Community banks are increasingly turning to account onboarding technology to help them solve a growing problem — how to win new customers without opening physical branches.
A case in point is the $3.5 billion-asset Alpine Bank, which has used its 40 branches to spread across Colorado but is now turning to technology to help it find customers in harder-to-reach areas of the state.
“We’re on a digital transformation journey, and this project on digital account origination is part of that,” said Andrew Karow, the bank's chief digital officer.
Alpine isn't alone. Surety Bank in DeLand, Fla., last year left its legacy core systems provider to go with cloud-based newcomer Nymbus, in part because the ability to introduce new products quickly could allow the bank to reach well beyond its three branches in central Florida. Surety plans to debut a digital account opening tool later this year as part of its plan to expand regionally — and perhaps even nationally.
“The idea of community has changed so much in a digital world, it’s not just about geography anymore,” said Ryan James, Surety's CEO.
The software sometimes comes with a hefty price tag, running into the millions of dollars even for small banks. But it gives institutions a chance to expand their customer base in an era when fewer people want to go to the branch.
Alpine is implementing a digital account opening service from Avoka, one of a small but growing number of technology providers selling software to help banks battle the wider issue of declining branch transactions. Teller transactions are down 34% since 1992, while staffing costs have jumped almost 148% in the same period, according to the latest FMSI Teller Line study.
“Four years ago, we expanded our footprint to the front range of Colorado,” Karow said. “We have fewer branch locations there and wanted to leverage technology to better serve customers.”
Though the bank does not have plans to expand its customer base outside of Colorado, Karow said it can use the technology to do so if it opts for that in the future.
Alpine’s move toward digital account opening is indicative of a greater appetite among community banks to give customers the option of digital account opening, said David Gaydon, general manager for North America at Avoka, which is also based in Colorado.
“Alpine is the poster child of a larger trend happening in the community bank and credit union space of institutions that have a real appetite for this,” Gaydon added. “Alpine’s expansion plan to serve all Colorado residents across the Western Slope and Front Range alike increases their footprint in the most efficient way possible.”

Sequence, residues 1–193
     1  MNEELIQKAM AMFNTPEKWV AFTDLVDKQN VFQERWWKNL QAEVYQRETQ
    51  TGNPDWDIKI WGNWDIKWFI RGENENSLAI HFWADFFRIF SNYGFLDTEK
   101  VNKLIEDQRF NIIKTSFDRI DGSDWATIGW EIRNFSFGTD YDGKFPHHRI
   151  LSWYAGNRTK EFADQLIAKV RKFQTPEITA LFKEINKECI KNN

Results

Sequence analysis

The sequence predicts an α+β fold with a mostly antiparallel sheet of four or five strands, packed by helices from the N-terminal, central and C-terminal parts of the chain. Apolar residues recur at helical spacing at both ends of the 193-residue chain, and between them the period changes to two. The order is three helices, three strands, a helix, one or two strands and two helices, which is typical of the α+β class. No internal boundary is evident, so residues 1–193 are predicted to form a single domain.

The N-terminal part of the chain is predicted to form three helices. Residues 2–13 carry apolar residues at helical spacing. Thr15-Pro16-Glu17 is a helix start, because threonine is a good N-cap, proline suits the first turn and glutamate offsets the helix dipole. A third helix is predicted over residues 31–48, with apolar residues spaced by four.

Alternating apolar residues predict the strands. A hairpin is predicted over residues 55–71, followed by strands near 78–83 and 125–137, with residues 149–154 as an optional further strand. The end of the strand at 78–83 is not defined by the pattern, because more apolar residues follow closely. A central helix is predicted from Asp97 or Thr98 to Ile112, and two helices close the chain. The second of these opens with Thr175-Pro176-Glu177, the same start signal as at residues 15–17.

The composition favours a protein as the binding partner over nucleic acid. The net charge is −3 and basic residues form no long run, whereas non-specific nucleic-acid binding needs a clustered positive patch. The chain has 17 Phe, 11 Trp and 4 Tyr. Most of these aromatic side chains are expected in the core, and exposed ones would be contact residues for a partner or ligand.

Alpine customers get a completely digital account-opening experience, including ID verification, funding and immediate establishment of the account. In addition, the service will support allowing customers to start an application at home and complete it in a branch if assistance is needed.
Karow said the new tools will help the bank serve these customers with the same “personalized touch” even though a branch may not be right down the street. He also hopes the service can make potential new customers realize they don’t have to sacrifice tech capabilities when banking with a community financial institution.
“The perception that community banks are lagging behind in technology is a bit misplaced, which might be due in part to our own lack of marketing,” he said. “But we aim to offer all the tech capabilities of a big bank with the high-touch service of a community bank.”
Surety, meanwhile, is exploring the idea of creating several different “affinity banks” that would run on the central bank platform, but they would be entirely digital in nature and might attract customers from around the country.
“So we could potentially have several banks under Surety Bank, with separately branded experiences in other regions where people may not know Surety Bank,” James said.
Robust digital account opening tools can enable the acquisition of new customers without having to open new branches in different regions, he said.
But even for Surety’s customers in proximity to its branches in central Florida, the ability to open new accounts digitally is great for the customer experience, James said.
“No one’s going to the bank anymore; no one wants to drive there to have to open an account,” he said. “Unless they really need cash, the only time people usually come into a branch is if they have a problem.”